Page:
Despite receiving government funding, Dyson says electric car project is not “commercially viable”
Dyson has admitted that its development of an electric car has been axed, after the firm said it “simply cannot make it commercially viable.”
The admission came in an Dyson Automotive update, which also stated that the firm had tried but failed to find a buyer for the project. It means that 500 jobs in the UK are at risk.
It was back in March 2016, when government documents revealed that Dyson, best known for its vacuum cleaners, hand dryers and fans, was working on electric car technology at its factory in Wiltshire.
Those documents also revealed that Dyson received government funding to help in the project.
“The government is funding Dyson to develop a new battery electric vehicle at their headquarters in Malmesbury, Wiltshire,” said the National Infrastructure Delivery Plan at the time. “This will secure £174m of investment in the area, creating over 500 jobs, mostly in engineering.”
But now three years later, Sir James Dyson has confirmed the project is dead.
The automotive division overall is thought to have employed 523 staff in total, 500 of whom are based in the UK.
“The Dyson Automotive team have developed a fantastic car; they have been ingenious in their approach while remaining faithful to our philosophies,” wrote Sir James. “However, though we have tried very hard throughout the development process, we simply cannot make it commercially viable.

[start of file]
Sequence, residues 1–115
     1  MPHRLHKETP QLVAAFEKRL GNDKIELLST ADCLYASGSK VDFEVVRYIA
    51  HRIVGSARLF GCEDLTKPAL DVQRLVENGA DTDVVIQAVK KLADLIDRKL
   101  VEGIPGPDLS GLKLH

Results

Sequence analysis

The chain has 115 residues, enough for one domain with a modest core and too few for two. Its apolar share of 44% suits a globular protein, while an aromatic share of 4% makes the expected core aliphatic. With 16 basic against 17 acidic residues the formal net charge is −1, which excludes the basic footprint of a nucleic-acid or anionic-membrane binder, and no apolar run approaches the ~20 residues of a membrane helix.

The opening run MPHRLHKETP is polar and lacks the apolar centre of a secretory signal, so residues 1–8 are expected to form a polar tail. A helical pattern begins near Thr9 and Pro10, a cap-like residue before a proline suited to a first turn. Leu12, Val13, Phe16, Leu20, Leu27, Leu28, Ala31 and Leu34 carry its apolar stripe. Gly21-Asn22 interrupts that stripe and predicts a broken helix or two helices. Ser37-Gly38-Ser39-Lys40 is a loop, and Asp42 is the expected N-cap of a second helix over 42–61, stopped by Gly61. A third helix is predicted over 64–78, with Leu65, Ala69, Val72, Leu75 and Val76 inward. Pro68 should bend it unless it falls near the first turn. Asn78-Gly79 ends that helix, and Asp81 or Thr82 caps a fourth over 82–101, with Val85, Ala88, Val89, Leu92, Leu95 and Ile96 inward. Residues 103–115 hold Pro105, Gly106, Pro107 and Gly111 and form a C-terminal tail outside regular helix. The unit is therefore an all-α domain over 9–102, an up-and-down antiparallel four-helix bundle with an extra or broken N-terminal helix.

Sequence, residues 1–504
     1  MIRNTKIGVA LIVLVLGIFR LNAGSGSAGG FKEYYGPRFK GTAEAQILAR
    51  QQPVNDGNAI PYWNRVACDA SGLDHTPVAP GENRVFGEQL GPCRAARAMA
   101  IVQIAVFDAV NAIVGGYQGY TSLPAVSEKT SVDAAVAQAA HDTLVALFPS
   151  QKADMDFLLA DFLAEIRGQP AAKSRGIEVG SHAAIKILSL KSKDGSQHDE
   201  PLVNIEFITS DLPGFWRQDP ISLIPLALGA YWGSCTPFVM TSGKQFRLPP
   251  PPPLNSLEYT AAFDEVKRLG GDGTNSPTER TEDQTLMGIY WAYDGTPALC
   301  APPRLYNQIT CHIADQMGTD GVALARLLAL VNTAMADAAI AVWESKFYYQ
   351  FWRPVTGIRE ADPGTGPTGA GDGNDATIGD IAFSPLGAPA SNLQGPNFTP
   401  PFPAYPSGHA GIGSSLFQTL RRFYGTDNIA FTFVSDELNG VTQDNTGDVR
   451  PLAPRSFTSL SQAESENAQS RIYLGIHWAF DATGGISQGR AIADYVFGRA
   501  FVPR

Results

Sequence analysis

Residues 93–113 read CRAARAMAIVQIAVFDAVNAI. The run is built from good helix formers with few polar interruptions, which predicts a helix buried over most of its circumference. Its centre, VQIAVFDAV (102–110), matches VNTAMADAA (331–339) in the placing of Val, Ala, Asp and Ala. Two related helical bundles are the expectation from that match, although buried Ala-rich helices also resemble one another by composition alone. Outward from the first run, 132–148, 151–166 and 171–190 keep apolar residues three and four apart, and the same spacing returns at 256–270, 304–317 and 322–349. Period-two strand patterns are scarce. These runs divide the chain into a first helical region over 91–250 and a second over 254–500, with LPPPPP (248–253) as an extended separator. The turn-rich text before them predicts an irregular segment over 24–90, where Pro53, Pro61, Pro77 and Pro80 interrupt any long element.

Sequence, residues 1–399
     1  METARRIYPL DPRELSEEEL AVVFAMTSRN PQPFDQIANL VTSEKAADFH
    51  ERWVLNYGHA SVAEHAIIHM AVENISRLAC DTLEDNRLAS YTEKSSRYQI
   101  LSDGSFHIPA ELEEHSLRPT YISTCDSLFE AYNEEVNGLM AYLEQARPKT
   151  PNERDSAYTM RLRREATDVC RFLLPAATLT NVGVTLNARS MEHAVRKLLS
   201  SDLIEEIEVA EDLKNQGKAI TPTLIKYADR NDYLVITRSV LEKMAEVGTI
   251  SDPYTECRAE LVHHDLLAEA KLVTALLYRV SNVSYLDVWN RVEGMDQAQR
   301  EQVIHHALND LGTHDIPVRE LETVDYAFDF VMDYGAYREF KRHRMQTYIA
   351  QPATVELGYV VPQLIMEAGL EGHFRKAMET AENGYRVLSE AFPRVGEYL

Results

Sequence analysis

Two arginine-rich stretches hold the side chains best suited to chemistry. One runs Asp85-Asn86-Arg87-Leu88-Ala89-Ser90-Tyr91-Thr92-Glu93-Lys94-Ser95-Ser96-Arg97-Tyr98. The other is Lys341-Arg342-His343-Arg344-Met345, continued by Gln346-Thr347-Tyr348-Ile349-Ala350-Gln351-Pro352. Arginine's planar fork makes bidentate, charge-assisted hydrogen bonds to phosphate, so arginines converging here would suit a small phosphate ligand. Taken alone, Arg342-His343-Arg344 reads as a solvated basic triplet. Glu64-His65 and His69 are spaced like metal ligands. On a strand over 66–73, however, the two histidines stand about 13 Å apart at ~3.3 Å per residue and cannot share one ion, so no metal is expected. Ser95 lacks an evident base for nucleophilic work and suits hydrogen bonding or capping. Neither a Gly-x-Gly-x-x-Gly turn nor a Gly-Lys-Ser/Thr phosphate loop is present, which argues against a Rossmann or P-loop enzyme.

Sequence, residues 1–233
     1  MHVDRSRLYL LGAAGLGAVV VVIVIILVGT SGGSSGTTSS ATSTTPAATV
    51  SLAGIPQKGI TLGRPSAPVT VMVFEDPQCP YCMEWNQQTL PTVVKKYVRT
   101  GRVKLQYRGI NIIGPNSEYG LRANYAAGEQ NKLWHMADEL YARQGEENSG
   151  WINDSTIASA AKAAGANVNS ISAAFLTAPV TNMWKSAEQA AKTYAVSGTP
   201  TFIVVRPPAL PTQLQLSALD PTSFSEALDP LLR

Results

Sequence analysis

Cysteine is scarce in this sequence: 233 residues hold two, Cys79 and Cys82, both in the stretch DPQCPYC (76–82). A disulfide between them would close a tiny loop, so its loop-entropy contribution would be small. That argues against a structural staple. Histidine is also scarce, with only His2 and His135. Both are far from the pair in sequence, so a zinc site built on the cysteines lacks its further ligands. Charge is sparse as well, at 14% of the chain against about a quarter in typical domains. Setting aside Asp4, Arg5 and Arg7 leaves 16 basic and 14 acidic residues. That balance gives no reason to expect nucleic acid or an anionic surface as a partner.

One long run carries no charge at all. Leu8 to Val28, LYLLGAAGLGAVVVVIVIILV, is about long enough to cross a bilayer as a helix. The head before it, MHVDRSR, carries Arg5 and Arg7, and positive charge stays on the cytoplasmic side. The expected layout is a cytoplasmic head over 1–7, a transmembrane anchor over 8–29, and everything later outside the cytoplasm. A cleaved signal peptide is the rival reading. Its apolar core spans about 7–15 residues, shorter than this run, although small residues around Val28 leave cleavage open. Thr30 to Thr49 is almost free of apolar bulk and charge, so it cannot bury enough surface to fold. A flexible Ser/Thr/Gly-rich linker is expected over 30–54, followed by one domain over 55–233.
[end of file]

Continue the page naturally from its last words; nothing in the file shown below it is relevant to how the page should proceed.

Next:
“We have been through a serious process to find a buyer for the project which has, unfortunately, been unsuccessful so far,” Sir James wrote. “I wanted you to hear directly from me that the Dyson Board has therefore taken the very difficult decision to propose the closure of our automotive project.”
Sir James said that this was not a product failure, or a failure of the team, and that the firm is “working to quickly find alternative roles within Dyson for as many of the team as possible and we have sufficient vacancies to absorb most of the people into our Home business.”
“For those who cannot, or do not wish to, find alternative roles, we will support them fairly and with the respect deserved,” he added. “This is a challenging time for our colleagues and I appreciate your understanding and sensitivity as we consult with those who are affected.”
Dyson had said in October 2018 that its electric car would be built in a new plant in Singapore (which was due to open next year), with the first vehicles to roll off the production line in 2021. But this will not longer happen.
Going forward, Sir James said that Dyson would “concentrate on the formidable task of manufacturing solid state batteries and other fundamental technologies which we have identified: sensing technologies, vision systems, robotics, machine learning, and AI offer us significant opportunities which we must grab with both hands.”
So battery development will remain a focus for the company in the years ahead, after Sir James revealed in March 2016 that it was investing £1bn on developing electric batteries over the next five years.
And the company is no longer British.
In January 2019 Dyson announced that it was moving its headquarters to Singapore, from Malmesbury in Wiltshire.
It said the moving of its headquarters to Singapore was for commercial reasons, and had nothing to do with Brexit, which Sir James has supported.